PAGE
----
Welcome back to work, everyone! And cheers: we survived another holiday season. Above is part of what is a heart-warming winter panorama featuring a field, a barn, low sun and lots of snow. When you think winter in rural Quebec, this is often the sight that comes to mind – but it might be harder to find it than you think. I stumbled on this one on a back road in the Saguenay area (where I was visiting my mother for Christmas) and immediately yelled: “Stop the car! Stop the car!”. And then got this great shot. I hope it won’t sink in the search engine.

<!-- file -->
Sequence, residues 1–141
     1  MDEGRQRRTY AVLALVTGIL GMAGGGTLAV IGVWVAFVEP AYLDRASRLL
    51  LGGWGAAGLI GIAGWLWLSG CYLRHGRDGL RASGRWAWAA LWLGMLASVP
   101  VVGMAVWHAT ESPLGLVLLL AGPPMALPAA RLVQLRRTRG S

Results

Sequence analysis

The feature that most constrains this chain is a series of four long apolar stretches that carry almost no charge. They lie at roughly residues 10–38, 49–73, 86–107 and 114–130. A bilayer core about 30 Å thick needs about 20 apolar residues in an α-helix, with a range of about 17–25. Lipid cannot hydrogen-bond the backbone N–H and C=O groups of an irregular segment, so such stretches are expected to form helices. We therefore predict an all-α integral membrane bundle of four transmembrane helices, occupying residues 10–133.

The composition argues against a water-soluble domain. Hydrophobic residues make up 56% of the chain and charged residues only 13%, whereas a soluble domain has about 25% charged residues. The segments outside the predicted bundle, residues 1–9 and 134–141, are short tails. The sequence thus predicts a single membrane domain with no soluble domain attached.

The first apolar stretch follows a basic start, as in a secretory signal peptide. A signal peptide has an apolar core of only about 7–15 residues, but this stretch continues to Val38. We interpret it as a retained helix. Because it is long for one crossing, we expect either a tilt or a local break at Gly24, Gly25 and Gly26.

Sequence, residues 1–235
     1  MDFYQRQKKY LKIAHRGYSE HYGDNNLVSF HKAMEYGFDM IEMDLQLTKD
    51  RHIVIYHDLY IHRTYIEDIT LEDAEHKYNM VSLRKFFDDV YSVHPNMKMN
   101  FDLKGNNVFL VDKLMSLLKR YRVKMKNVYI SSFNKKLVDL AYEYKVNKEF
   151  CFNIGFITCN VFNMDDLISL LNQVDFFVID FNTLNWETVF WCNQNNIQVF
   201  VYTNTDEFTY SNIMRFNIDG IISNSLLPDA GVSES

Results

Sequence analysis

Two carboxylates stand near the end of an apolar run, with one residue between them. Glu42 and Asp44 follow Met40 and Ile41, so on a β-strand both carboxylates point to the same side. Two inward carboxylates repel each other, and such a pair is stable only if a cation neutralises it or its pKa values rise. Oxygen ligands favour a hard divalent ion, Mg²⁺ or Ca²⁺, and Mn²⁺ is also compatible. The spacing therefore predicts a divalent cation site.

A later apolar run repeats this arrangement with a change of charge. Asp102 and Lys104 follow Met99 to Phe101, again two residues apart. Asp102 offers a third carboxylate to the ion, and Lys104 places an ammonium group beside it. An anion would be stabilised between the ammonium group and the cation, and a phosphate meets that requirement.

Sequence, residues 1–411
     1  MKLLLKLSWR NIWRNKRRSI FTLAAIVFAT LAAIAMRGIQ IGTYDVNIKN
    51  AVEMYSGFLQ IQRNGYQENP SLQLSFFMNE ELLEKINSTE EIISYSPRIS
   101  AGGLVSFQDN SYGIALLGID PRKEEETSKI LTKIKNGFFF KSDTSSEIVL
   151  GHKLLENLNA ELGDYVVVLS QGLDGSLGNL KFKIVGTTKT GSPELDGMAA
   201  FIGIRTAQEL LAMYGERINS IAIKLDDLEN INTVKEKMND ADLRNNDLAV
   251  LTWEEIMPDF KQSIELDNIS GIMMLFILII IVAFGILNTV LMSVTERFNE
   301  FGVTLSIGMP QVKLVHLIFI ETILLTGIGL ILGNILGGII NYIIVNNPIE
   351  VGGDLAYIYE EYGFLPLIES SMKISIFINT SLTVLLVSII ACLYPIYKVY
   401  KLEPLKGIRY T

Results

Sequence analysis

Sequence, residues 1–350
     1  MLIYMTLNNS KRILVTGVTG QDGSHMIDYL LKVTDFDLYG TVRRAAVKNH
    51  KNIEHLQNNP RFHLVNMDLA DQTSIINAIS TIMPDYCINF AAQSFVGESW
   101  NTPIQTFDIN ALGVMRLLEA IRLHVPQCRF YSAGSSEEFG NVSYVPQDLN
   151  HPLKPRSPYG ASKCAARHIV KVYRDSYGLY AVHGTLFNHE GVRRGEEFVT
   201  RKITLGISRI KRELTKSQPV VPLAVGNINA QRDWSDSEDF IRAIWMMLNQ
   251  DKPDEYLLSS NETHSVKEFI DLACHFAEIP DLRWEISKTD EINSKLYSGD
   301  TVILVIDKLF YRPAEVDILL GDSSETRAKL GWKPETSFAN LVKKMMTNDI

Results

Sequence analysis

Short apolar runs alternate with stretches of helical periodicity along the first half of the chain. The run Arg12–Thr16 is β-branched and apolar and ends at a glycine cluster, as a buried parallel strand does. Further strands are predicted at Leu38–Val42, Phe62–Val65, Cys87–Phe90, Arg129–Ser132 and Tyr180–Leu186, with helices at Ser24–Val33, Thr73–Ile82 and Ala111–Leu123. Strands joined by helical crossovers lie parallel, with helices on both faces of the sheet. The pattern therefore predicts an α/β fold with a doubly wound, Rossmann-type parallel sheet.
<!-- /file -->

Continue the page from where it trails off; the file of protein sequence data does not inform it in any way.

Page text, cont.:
Post production was done mostly with Nik Software, which I am trying these days to see if they can help in my workflow and results. I must say I’m quite smitten with Dfine (noise reduction) and Viveza (brightness/contrast/saturation tool/ detail enhancer). Less so with Color Efex, which tends to create overblown, garish, artifacted images if you’re not careful. There certainly is a market for all that (weddings come to mind or anything that screams vintage or landscapes that want that little push into 21st century not-quite-real-wowness), but I doubt if it fits my work, especially now that the Vetta collection seems out of reach for most exclusives. Still I have a few more days to decide: I’m loving the fully functional 14 days demos you can download on their website. I’ve also dabbled with Sharpener Pro, but I’m having a hard time making it work within the tough stock industry noise standard. Sharpening noise is a big no-no. Another downside is file size: because each filter is creating a comp copy of the image with all the previous effects added in, my PSD files are, well, that many times larger at the end. Plus, because the effect application is a rasterized comp, if you add many filters within one application of Color Efex, you can’t really go back to adjust one of them. So this leaves you with the choice of having a layer (comp image) per filter, or risking putting many effects into a comp and having to redo all the work if you decide later to, say, remove one. Even if you go ahead with one filter per comp, because the next one works on top of the first one, all the previous effects are included in each new comp – making it very awkward to correct. So ahem, not sure about that one. It might be useful if used sparingly for very specific effects. But isn’t adding such effects stepping into the designer’s territory? Ah, the eternal question!